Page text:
Next-Generation Small Hydro: Very Low Head Turbines

Financial and ecological benefits are driving demand for small hydro projects, and the U.S. Congress is considering a streamlined licensing process for such facilities. For the article “Next-Generation Small Hydro: Very Low Head Turbines,” []’s Elisabeth Fischer spoke to Claude O'Neil, co-inventor of the very low head turbine, an affordable and green alternative for small-scale waterway sites.

“Our concept was to try and use existing dams, weirs, waterways and irrigation canals,” said O’Neil. “Before we started work on the project, I visited a few Canadian sites with a delegate from the French team. Most of the existing dams with a head lower than 3.5 m were untapped, with no turbine installed. I wasn't surprised to hear that they had the same problem in Europe. We thought that this would be a great niche to target and so we've developed a turbine especially for very low head sites, which range from 1.4-3.2 m.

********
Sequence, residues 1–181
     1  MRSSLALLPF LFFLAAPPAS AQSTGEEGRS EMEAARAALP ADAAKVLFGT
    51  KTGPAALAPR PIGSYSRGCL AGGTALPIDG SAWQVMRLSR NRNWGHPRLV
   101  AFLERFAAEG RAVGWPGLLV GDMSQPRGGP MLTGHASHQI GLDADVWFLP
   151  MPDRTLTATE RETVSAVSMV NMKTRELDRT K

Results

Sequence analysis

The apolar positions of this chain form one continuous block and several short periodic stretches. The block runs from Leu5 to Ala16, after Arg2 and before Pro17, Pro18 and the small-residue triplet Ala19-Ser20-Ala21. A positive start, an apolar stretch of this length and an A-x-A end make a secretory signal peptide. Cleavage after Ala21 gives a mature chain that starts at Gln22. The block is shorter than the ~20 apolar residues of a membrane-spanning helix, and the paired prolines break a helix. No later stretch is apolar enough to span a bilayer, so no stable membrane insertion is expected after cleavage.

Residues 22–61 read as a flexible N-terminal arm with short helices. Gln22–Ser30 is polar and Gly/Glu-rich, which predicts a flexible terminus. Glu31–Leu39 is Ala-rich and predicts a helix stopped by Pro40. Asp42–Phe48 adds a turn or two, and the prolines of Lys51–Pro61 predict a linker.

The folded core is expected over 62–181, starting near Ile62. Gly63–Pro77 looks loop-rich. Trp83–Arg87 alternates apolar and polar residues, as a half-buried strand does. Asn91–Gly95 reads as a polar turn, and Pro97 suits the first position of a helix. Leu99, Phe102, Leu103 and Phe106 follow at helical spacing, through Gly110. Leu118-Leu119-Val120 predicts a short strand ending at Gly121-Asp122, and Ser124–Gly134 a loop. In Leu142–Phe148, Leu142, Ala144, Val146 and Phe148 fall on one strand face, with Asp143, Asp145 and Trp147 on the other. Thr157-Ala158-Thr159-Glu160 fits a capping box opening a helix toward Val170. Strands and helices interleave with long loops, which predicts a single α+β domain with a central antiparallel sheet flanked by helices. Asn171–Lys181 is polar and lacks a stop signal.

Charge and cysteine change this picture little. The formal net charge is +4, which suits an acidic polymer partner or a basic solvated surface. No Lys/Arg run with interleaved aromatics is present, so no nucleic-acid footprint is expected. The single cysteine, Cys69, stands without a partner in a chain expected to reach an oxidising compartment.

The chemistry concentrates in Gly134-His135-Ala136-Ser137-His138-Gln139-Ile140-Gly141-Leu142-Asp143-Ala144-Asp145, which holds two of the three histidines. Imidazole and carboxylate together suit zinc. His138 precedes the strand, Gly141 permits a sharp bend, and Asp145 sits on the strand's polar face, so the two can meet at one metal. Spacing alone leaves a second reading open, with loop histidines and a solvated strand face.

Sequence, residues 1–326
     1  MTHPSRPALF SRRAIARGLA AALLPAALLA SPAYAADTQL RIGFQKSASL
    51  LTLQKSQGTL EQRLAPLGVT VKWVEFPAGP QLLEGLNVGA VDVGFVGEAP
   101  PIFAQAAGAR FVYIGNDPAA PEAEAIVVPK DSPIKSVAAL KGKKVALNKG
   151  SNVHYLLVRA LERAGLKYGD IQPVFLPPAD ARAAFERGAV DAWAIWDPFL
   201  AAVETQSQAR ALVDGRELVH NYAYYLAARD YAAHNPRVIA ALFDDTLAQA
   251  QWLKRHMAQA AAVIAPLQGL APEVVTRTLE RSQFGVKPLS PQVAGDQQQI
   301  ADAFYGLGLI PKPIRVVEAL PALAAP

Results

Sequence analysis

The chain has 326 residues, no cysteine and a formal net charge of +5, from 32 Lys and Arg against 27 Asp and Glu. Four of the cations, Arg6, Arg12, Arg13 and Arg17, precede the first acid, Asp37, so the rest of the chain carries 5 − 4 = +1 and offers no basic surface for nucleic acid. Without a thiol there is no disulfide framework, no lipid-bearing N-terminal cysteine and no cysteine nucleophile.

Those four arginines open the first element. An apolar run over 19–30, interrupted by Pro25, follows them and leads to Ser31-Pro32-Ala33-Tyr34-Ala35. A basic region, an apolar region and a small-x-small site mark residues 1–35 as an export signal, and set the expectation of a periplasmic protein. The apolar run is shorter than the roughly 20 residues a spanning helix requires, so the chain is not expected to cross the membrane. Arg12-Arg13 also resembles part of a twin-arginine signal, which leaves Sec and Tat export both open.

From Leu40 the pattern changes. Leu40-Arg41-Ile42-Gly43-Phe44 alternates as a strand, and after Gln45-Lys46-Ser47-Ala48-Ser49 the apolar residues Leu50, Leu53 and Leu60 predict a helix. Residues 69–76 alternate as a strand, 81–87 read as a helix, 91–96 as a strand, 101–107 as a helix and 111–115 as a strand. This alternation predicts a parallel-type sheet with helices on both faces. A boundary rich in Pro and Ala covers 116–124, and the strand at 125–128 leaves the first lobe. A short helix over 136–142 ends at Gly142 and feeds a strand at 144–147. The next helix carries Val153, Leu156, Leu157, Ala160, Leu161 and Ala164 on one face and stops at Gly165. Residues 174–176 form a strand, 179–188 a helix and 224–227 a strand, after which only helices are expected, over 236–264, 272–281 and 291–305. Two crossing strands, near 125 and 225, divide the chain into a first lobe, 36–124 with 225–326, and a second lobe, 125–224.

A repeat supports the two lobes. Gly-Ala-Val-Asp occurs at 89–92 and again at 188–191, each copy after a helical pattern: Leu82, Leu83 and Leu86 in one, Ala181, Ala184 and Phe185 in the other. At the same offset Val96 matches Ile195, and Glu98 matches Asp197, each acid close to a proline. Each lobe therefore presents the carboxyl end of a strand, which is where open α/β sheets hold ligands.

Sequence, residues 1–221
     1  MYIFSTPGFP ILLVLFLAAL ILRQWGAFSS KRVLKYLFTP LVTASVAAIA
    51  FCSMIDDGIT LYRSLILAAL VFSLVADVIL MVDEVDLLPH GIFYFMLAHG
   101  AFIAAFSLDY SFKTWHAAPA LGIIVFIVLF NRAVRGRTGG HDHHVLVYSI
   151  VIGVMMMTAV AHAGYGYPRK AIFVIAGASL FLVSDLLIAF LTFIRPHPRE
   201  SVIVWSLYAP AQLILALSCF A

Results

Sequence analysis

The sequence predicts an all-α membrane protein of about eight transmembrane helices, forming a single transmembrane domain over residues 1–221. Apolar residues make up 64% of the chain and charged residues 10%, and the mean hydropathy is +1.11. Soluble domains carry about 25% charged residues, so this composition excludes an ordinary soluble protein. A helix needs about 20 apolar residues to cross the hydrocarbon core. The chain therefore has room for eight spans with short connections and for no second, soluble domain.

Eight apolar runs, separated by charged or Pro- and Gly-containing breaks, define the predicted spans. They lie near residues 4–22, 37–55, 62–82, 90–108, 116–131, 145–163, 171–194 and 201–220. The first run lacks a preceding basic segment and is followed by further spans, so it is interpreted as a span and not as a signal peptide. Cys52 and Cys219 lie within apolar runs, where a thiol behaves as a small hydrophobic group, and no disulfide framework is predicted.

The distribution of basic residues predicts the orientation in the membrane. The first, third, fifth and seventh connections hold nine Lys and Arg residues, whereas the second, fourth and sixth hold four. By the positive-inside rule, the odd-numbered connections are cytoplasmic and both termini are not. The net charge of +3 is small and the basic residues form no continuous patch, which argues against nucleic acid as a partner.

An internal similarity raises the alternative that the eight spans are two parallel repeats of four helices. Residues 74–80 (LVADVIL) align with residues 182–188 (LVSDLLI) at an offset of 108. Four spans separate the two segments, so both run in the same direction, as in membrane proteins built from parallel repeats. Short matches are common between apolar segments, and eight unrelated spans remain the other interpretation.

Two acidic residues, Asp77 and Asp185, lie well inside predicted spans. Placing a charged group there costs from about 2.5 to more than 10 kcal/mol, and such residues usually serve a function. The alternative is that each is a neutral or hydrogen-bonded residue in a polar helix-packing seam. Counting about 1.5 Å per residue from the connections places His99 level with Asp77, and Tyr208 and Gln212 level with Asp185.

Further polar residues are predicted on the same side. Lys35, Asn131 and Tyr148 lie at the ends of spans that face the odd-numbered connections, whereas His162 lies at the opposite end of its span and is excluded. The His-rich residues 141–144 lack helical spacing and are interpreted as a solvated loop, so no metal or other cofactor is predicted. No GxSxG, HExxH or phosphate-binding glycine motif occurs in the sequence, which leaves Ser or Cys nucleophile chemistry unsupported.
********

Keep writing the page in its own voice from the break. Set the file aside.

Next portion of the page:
“The licensing is still a real problem in the States. There is not a lot of difference between the licensing process of a 500 kW and 500 MW machine, which means that we can expect 4-5 years waiting time just to obtain a permit for a small-scale project. A lot of developers will opt for 1–2 MW projects just of the long waiting times.

“Fortunately, the Congress is about to modify this approach and small project at existing dams will have a shortcut process. This is great news for us and will bring us much closer to Europe, where the process of obtaining a permit is much shorter.”

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